Can Meditation Make You a Better Leader?
Recently, I had an experience at work where I felt wronged by a colleague. I won't go into the details because it's not necessary, but the result was a feeling of being taken advantage of by my colleague. Deep down, I know my co-worker didn't set out to make me feel this way but it happened none-the-less.
As we know, the world is not a perfect place and there have been times in the past when another person did something to make me feel angry, frustrated or wronged. Don't misunderstand me, generally I'm a very even natured person and I tend not to get too upset when things don't go my way .
In previous years I reacted quite differently to similar situations. My feelings would be strong and I'd behave quickly and predictably. I'd hurriedly respond to the email with barely concealed frustration and anger. Typically I'd tone it down just enough so it wasn't unprofessional and then I'd hit 'send'. The rest of my day would be hijacked by my feelings and I'd spend hours ruminating about how I was wronged.
Has that ever happened to you?
What's interesting about my most recent experience is that I did not act that way. The change in my response was so different that actually I took notice of it.
When I realized what my colleague had done, I wasn't angry and I didn't react at all. Instead, there was a gap where my logical brain could observe my more primal brain and take notice of how angry I felt inside. The amazing aspect of my observance was this: it wasn't "me" who felt angry. Instead it was something else deep inside me.  It was such an odd feeling that I actually stopped what I was working on and observed my feelings for a while with a mixture of interest and mild bemusement.
I can hear you now, "Great Mitch, but why are you telling me all this?". My point is this: I can't say for sure, but I strongly suspect the reason my reaction changed is because of my meditation practice.
I started experimenting with meditation in October 2015 because I heard it could improve focus and productivity. To be precise, I've meditated for exactly 2,752 minutes since October 2015. 
Meditation (and its related but different concept "mindfulness") seems to be a popular topic in productivity circles, but in the real world I rarely meet anyone who meditates regularly. What's more, meditation seems to be misunderstood by most people I talk to.
At its most basic, meditation is simply how you practice to develop the ability of monitoring your thoughts and feelings. It's analogous to saying "batting practice is simply how you practice to develop the ability to hit a baseball well." 
The effect of all this practice is that you create a small delay between a receiving a stimulus and when you respond to it. This delay can often give you just enough time to take notice of your feelings and adjust how you respond to that stimulus.
Like most things, I am not an expert with meditation. Depending on my surroundings and how long I've been awake, trying to get my mind to settle down is like trying to calm down a monkey after you've put it in a washing machine. In theory, I suppose it's possible but in practice it doesn't seem to work.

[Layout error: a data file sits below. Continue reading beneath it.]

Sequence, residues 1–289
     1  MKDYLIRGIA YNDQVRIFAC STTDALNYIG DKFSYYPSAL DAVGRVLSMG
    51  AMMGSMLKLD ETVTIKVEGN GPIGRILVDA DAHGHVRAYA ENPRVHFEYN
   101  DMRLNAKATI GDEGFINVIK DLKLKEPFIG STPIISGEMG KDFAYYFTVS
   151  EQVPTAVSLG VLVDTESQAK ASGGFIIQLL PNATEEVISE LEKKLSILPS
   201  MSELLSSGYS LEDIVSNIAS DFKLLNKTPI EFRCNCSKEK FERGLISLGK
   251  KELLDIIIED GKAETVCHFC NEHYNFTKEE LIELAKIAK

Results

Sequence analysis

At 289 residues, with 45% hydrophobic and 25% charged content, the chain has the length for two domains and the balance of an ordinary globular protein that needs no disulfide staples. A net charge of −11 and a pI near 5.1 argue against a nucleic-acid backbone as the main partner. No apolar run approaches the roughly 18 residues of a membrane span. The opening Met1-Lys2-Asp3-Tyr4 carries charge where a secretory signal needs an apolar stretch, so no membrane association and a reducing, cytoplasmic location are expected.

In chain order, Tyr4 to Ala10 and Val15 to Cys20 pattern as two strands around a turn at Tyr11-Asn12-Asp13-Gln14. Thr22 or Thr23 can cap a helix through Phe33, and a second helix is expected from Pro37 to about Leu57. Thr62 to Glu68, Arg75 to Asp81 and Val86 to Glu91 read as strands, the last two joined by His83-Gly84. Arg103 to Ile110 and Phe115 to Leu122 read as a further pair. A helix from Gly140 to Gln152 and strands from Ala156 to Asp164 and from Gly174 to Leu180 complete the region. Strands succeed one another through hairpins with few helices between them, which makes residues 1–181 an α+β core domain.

Luckily for people like me (and likely you as well), meditation doesn't require you to master your thoughts. All it requires is for you to focus on something (like your breath entering and leaving your body) and to take notice when your mind wanders off to pursue its own monkey mind thoughts. When this happens (and it will) don't get frustrated or "try harder to focus", simply acknowledge it and redirect your attention back to your focus area.
If you've never given meditation a try, I strongly recommend it. Give yourself a challenge to meditate for 10 days and see if you observe any differences in your daily life.
Five tips to when you start meditating
- Get an app. meditating is fairly simply once you know what you're doing but honestly, it's so much easier to let someone guide you. Try one of the great apps available like Headspace (iOS and Android), Calm (iOS and Android), or Oak (iOS only).
- Meditating (at least how I do it) is not a religious experience, "new-agey" or woo-woo. Meditation is simply sitting still and breathing. If you are a person of faith, meditating does not conflict with your other religious beliefs.
- Be consistent and start small. I try to meditate once per day on weekdays for 10 minutes each time. Often I go longer but some days I skip completely. On average, I successfully sit down and practice 2 - 4 times per week. Consistency will yield benefits even if you only meditate for a few minutes each time.
- Meditate in the morning. In my experience, once the flow of the day starts, my mind runs at full speed and I find it nearly impossible to stay focused on anything, and certainly not something as boring as my breathing.
- Don't down-prioritize your daily meditation just because you're busy. If I'm honest, I need enhanced focus and balance even more on days when I'm struggling to do everything.
Meditation is a person choice and its benefits are likely very personalized as well. I believe that some personality types can derive more calm and focus from practicing meditation than others. If you've never tried meditation, I encourage you to download an app and give it a try. It is a great example of asymmetric risk: the money and time cost is very low, but the potential upside for you is nearly unlimited!
Take care, and I'll talk to you next time.
- : Although kids that won't go to sleep at night and the traffic in Madrid certainly do their best to rile me up.
- : I know this sounds abstract and is hard to follow, but please keep reading. :)
- : I track my meditation in a geeky spreadsheet I keep on Dropbox.
- : Batting practice is a hitting drill in baseball.